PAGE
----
Educating staff in the history and specific needs of older LGBTI people and engaging directly with the LGBTI community is supporting a leading aged care provider to offer more inclusive care.
The ACH Group’s Free To Be project, which was presented with a Better Practice award this month, aims to build a more accessible service for LGBTI seniors.
Since August 2013, over a third of the ACH workforce – some 730 staff – have participated in education and training which focuses on raising awareness of different sexualities and gender diversity.
The training includes guidance in inclusive language, and a background to the history of discrimination that has impacted older LGBTI people, such as the criminalisation and medicalisation of homosexuality.
Project officer Robyn Burton said helping staff understand some of the experiences that have historically faced older LGBTI people builds empathy and understanding in care.
“It’s about having a more detailed knowledge of why it may be that a same-sex couple is reticent to trust support workers who come into their home, or the impact for a same-sex attracted person in a residential care facility who feels that they can’t talk about a big part of their life – perhaps past partners – because they feel that they may receive a negative reaction from the staff or other residents,” she said.
The training also looks in specific detail at the needs of older transgender and intersex people, with a focus on personal care that allows people to remain dignified and respected as the gender that they identify with as they age.
Ms Burton said many staff had never thought about these issues before, and often prior to undertaking the training didn’t see it’s relevance, arguing they treated all residents equally.
“We’re hoping by the end of the training that they can identify that treating everybody the same is not actually acknowledging the depth of people’s experiences and a part of their identity that is core to them,” she said. “It’s about person-centred care, as well as really acknowledging and celebrating the diversity that people bring.”
The project has seen 80 per cent of participants report that they had comprehensive or excellent understanding of LGBTI history and cultural needs, up from 20 per cent prior to training.
Including the community is key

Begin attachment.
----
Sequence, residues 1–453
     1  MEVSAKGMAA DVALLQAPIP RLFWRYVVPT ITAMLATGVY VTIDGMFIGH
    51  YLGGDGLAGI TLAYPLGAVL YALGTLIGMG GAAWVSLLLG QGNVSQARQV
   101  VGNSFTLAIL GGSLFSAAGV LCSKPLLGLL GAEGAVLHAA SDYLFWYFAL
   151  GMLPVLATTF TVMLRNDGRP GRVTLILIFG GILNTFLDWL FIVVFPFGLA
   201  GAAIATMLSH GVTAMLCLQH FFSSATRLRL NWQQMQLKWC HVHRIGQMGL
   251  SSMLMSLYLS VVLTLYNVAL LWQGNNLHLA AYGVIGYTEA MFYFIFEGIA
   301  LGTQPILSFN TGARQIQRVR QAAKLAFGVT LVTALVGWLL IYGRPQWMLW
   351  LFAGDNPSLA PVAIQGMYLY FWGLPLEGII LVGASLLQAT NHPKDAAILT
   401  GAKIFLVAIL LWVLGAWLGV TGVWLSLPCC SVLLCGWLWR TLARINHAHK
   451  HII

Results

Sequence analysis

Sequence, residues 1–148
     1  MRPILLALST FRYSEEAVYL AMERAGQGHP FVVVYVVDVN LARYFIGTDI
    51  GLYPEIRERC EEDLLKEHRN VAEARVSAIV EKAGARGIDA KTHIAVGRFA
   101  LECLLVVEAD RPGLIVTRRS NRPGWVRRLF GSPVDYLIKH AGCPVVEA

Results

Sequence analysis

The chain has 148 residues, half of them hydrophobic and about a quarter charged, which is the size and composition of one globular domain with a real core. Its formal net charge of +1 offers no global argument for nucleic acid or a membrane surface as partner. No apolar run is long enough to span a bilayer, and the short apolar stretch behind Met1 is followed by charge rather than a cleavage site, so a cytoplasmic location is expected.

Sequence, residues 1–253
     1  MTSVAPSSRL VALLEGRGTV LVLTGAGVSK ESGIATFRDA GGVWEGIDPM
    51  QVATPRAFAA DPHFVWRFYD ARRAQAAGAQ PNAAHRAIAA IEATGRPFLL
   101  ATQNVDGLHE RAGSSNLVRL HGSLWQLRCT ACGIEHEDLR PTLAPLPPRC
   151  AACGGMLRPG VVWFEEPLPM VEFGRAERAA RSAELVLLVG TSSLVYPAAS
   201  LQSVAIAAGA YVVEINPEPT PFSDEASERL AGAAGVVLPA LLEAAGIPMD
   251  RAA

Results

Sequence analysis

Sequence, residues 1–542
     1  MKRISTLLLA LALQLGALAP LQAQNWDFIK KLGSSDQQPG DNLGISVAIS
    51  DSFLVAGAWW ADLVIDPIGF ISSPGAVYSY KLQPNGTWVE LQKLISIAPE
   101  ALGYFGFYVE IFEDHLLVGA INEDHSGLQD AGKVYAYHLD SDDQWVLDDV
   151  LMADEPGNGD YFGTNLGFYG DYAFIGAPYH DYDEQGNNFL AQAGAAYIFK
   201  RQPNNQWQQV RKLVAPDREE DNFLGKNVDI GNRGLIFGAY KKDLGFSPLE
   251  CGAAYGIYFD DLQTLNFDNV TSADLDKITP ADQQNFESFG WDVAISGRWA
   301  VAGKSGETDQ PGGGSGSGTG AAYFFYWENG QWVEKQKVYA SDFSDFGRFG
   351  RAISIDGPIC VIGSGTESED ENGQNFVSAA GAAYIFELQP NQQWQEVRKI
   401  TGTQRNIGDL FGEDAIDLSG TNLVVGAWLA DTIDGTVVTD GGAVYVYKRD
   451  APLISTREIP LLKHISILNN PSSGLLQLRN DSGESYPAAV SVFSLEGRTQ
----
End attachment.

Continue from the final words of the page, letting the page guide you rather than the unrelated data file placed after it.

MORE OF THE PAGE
The Free To Be project is led by an internal steering group made up of staff from all levels of the organisation, as well an expert external advisory group, made up of researchers, older LGBTI people from the community and LGBTI-focused service providers.
Ms Burton said ongoing engagement with the LGBTI community was the most important factor for success in a project like this.
“This ensures that the project is heading in the right direction and that there is validity in what you are setting out to achieve,” she said “Older LGBTI people will see through tokenistic changes and will identify if an organisation is authentic in their desire to be LGBTI inclusive.”
In the development of the project, ACH Group interviewed 14 LGBTI older people about what they would want from aged care and what was important to them in ageing well, which was used to inform staff education sessions.
“For instance, we were told that one of the most important considerations about whether or not to access aged care is whether their partners would be acknowledged and respected by the aged care organisation. Based on this information, we emphasised to our staff members the need to acknowledge same-sex relationships, like you would heterosexual spouses,” said Ms Burton.
To strengthen the impact of Free to Be, an LGBTI Champions program has also been established. The champions, who act as a touch point for LGBTI knowledge and support within their workplace, have received an additional two days of in-depth training.
Ms Burton said one of the highlights of the champions’ training was a cultural walk around parts of Adelaide by local drag queen Dr Gertrude Glossip, who lived through the decriminalisation of homosexuality in South Australia and was able to offer staff firsthand experience of the LGBTI history in the city.
The ACH Group intends to apply for a Rainbow Tick for the Free To Be project at the end of this year.
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